- PCI-DSS (Payment Card Industry Data Security Standard) assessments for the failure
to protect payment card data
- Costs of notifications, public relations, and other services to assist in managing and
mitigating a cyber incident; legal consulting and identity monitoring costs for victims
of a breach are included
- Forensic investigation costs due to a covered cyber event
- Costs to restore electronic data from duplicates or, if not possible, costs to research,
gather and assemble electronic data due to a covered cyber event
- Responds to a material interruption of an insured’s business operations providing for
business interruption and certain expenses due to a covered cyber event
- Reimbursement of ransom payments incurred in terminating a covered cyber event
- Business income loss resulting from physical damage to property due to a covered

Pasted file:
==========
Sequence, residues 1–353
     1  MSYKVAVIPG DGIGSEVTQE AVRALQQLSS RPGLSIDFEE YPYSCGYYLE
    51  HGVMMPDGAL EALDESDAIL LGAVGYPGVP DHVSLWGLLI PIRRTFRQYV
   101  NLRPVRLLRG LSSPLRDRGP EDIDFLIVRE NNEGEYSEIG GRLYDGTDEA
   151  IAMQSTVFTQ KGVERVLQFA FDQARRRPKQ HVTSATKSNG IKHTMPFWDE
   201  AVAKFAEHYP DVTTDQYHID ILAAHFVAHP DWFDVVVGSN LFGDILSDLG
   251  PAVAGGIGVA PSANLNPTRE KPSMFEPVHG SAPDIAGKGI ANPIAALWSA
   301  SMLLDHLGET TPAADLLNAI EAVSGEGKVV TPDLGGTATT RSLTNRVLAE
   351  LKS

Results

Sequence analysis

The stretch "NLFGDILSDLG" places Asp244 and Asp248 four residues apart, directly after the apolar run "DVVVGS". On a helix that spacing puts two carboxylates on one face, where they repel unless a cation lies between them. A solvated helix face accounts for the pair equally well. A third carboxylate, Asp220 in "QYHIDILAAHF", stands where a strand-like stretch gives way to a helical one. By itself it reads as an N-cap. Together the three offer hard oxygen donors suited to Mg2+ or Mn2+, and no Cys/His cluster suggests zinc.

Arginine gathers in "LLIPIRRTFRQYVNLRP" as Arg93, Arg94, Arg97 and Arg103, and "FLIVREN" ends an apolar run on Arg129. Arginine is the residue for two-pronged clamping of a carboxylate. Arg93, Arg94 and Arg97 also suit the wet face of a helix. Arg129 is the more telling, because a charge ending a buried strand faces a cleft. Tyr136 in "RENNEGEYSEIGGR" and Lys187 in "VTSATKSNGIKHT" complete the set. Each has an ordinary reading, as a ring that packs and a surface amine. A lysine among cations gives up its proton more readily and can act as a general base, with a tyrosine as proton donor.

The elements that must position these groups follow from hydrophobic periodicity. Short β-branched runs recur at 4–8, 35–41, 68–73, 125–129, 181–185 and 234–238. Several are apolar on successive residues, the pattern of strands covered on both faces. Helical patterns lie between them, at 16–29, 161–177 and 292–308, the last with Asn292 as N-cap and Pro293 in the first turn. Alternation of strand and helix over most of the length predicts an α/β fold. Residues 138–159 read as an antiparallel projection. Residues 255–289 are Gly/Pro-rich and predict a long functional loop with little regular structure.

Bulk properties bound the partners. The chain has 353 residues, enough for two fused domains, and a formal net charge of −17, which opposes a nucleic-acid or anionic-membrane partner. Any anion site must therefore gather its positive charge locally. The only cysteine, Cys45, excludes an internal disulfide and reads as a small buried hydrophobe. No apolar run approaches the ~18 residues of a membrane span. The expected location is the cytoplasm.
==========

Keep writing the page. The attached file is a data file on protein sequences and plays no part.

- Loss associated with first-party property damage due to a covered cyber event
- Third-party claims alleging bodily injury or third party property damage caused by a
security failure or privacy event
- Third-party claims alleging bodily injury and third party property damage caused by
a breach of a computer system that is part of an insured’s product
Travelers offers a suite of cyber liability solutions:
- CyberRisk – customized coverage for any size business, based on business needs
- CyberFirst – created specifically for companies within the tech industry
- CyberFirst – created specifically for public entities (municipalities, counties, utilities, transit authorities, etc.)
- CyberFirst Essentials – created specifically for small businesses
Travelers also offers pre and post-breach services to customers (at no additional cost) to assist in education and risk management.
AmTrust Financial specializes in insurance for small businesses. With a maximum policy coverage of $1,000,000, the AmTrust cyber liability insurance policy includes first and third-party coverage.
First-party coverage includes coverage for privacy breach response services, cyber extortion, data protection, and business interruption. Additional post-breach services are also included in the policy: